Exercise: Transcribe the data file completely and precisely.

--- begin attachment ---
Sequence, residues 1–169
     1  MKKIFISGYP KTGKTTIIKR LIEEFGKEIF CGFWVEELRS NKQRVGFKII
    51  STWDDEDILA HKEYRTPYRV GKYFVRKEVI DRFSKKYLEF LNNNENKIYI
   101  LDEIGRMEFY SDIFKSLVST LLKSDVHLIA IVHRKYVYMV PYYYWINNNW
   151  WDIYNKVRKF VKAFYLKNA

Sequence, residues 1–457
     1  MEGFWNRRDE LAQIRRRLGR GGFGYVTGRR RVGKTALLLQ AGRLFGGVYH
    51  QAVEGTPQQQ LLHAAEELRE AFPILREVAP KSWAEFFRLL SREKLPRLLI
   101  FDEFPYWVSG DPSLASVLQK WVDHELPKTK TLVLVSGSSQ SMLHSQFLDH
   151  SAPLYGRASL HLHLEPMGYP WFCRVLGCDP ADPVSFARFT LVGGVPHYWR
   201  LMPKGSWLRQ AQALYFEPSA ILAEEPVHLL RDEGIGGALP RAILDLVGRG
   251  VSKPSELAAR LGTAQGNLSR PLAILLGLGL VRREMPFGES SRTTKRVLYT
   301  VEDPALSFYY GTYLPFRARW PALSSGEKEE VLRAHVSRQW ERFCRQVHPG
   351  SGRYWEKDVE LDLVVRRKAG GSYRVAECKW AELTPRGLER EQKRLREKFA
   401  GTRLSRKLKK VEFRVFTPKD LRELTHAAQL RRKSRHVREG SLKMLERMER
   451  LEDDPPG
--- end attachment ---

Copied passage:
Sequence, residues 1–169
     1  MKKIFISGYP KTGKTTIIKR LIEEFGKEIF CGFWVEELRS NKQRVGFKII
    51  STWDDEDILA HKEYRTPYRV GKYFVRKEVI DRFSKKYLEF LNNNENKIYI
   101  LDEIGRMEFY SDIFKSLVST LLKSDVHLIA IVHRKYVYMV PYYYWINNNW
   151  WDIYNKVRKF VKAFYLKNA

Sequence, residues 1–457
     1  MEGFWNRRDE LAQIRRRLGR GGFGYVTGRR RVGKTALLLQ AGRLFGGVYH
    51  QAVEGTPQQQ LLHAAEELRE AFPILREVAP KSWAEFFRLL SREKLPRLLI
   101  FDEFPYWVSG DPSLASVLQK WVDHELPKTK TLVLVSGSSQ SMLHSQFLDH
   151  SAPLYGRASL HLHLEPMGYP WFCRVLGCDP ADPVSFARFT LVGGVPHYWR
   201  LMPKGSWLRQ AQALYFEPSA ILAEEPVHLL RDEGIGGALP RAILDLVGRG
   251  VSKPSELAAR LGTAQGNLSR PLAILLGLGL VRREMPFGES SRTTKRVLYT
   301  VEDPALSFYY GTYLPFRARW PALSSGEKEE VLRAHVSRQW ERFCRQVHPG
   351  SGRYWEKDVE LDLVVRRKAG GSYRVAECKW AELTPRGLER EQKRLREKFA
   401  GTRLSRKLKK VEFRVFTPKD LRELTHAAQL RRKSRHVREG SLKMLERMER
   451  LEDDPPG